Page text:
The palace complex burned down several times over the course of the years, mainly due to the ravages of war. Some parts of the complex remained, while others had to be restored. During the Qing Dynasty (note that while the Ming Dynasty rulers were of Han Chinese ethnic origin, the Qing Dynasty rulers were of Jürchen cum Manchu ethnic origin), the palace complex under China's new rulers was converted into the Guangxi Provincial Examination House, which administered the imperial exams for the region. Later still, during the immediate post-imperial period, i.e., during the period of the Republic of China, the new republic's George Washington, as it were, Dr. Sun Yat-sen, the leading thinker and military strategist of the new republic, once used the palace complex at Guilin for his regional headquarters during his Northern Expedition.

The palace subsequently became the government offices of Guangxi Province under the Republic of China, and was renamed Yat-sen Park in 1925, in honor of the passing of Dr. Sun. In 1993, the government of the PRC extended national cultural heritage protection to the palace complex, and work was begun to restore the complex to its original glory, with an eye to opening it - and some of the mausoleum's tombs - to the public, which finally occurred in 2003, though only the joint tomb of the third Jingjiang Prince, Prince Zhuangjian, and his consort have been opened to the public.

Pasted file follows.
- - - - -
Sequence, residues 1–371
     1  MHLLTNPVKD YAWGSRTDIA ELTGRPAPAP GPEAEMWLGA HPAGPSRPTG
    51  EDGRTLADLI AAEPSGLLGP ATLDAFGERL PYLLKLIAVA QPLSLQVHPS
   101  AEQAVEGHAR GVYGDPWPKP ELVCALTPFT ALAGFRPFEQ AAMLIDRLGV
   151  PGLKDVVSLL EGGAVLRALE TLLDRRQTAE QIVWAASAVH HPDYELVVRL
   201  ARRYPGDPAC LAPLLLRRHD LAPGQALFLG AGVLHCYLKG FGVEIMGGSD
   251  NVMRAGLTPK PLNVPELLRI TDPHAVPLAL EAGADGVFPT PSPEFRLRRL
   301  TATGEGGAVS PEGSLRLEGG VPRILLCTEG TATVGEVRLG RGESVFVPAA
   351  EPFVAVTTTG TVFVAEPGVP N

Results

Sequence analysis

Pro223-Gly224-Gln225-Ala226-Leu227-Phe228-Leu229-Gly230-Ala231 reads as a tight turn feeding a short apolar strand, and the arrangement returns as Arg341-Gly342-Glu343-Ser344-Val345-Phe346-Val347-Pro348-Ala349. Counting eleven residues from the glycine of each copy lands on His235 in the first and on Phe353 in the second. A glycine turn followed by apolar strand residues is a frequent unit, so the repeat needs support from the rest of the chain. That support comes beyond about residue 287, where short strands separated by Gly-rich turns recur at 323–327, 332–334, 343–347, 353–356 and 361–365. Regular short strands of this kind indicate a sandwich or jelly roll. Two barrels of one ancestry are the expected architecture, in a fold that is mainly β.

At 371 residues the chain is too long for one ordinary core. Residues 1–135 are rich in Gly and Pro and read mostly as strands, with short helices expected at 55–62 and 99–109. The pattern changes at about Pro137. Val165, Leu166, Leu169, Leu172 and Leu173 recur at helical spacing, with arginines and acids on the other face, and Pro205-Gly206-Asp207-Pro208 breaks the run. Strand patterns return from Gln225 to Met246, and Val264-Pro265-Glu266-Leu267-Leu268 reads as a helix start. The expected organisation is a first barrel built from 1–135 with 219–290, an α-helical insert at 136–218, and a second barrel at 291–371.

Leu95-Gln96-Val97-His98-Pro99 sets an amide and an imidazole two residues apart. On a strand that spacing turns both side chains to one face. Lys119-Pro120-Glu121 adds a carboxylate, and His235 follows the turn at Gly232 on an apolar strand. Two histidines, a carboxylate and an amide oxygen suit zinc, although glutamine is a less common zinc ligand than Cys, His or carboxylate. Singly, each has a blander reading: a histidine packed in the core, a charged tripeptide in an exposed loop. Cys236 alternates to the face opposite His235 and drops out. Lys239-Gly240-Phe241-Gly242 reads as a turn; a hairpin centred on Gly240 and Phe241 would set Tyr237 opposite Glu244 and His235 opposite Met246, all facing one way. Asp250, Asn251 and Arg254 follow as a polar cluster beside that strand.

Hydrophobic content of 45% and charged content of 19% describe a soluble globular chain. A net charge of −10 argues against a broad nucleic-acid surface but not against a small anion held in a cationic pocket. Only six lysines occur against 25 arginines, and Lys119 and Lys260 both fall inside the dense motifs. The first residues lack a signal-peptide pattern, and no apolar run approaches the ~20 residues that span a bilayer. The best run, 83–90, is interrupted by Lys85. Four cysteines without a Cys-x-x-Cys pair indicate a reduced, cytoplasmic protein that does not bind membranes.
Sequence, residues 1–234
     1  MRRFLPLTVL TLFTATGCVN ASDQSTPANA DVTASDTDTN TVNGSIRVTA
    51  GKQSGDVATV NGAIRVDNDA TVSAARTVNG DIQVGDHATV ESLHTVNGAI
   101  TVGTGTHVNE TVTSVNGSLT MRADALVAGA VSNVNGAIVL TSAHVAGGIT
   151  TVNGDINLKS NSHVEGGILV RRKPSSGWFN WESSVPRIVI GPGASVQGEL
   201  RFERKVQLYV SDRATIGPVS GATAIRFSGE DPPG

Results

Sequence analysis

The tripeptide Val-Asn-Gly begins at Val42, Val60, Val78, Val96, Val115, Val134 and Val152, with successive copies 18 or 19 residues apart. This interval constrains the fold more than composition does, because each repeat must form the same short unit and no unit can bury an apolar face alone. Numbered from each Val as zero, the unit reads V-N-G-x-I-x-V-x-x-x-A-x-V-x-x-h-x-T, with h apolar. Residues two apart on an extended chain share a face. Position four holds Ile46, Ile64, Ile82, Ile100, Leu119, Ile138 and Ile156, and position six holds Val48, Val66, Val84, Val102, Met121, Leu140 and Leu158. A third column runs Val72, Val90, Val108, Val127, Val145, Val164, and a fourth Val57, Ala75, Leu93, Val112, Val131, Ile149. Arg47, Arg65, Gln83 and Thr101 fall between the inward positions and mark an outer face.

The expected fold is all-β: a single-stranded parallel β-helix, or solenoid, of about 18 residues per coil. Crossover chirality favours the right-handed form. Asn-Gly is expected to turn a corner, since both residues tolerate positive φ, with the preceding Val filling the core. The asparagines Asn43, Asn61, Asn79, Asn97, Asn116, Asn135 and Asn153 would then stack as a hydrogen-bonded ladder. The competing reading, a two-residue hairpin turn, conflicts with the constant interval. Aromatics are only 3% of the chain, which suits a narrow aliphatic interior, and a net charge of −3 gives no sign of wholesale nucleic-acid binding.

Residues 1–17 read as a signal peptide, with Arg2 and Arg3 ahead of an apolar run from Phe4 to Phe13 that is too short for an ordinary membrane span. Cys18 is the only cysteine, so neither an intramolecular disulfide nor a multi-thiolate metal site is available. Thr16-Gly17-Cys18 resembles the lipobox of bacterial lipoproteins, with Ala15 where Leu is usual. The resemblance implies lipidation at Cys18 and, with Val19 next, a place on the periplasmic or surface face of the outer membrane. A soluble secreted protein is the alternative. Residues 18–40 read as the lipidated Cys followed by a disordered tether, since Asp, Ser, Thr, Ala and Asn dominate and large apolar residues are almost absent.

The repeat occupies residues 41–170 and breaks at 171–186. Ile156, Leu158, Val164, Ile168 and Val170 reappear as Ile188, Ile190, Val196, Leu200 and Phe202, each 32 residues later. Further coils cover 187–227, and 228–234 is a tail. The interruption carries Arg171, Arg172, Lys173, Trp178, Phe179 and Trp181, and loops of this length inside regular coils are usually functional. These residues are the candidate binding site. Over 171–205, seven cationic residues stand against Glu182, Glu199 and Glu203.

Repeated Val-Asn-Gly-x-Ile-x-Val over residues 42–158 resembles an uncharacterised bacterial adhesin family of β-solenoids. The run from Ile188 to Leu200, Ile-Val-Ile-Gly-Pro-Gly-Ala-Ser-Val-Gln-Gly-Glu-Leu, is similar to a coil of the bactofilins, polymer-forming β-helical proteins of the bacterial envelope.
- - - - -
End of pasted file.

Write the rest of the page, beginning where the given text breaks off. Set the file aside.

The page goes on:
Today, Jingjiang Palace complex, besides being a popular Guilin tourist site, also serves as Guangxi Province Normal University, something which could only please the deposed Qing Dynasty rulers, who themselves had converted the palace into a place of higher learning.

 

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* Note that a similar arrangement of delegation of authority to princely members of the imperial family had previously existed during the Eastern Zhou (BCE 770-221) Dynasty, though the loose arrangement then - and under a very weak central rule - only led to a break-up of the loosely confederated empire into a number of warring states which were only consolidated again with the emergence of China's first centrally-ruled imperial dynasty, the Qin (BCE 221-207) Dynasty.

 

** Though there are only eleven Jingjiang Princes buried at the Mausoleum of the Princes Jingjiang, there were in fact fourteen Jingjiang Princes who occupied the palace complex at Guilin. The explanation for the "discrepancy" is as follows...

The first prince - King Jingjiang himself, aka Zhu Shouqian - turned out to be a capricious tyrant. When the people repeatedly complained of King Jingjiang to the emperor, Zhu Shouqian was summoned to Beijing and eventually dismissed. He died, and was buried, in Nanjing. The thirteenth prince, Zhu Hengjia, was captured in war and died in house-arrest in Fuzhou, where he was buried. The fourteenth prince, Zhu Heng, fled the palace - and the area - during a seige by the Han Chinese general, General Kong Youde, who had gone over to the Manchu side due to Ming Dynasty treachery (the Ming Dynasty at the time (roughly 1632), corrupt and increasingly weak, was in its last throes before being ousted by the Manchus in 1644, who would set up China's last imperial dynasty, the Qing Dynasty). Zhu Heng simply disappeared; nothing was ever heard of him again, including news of his final resting place. Thus three of the fourteen Jingjiang Princes, for various reasons, are buried elsewhere.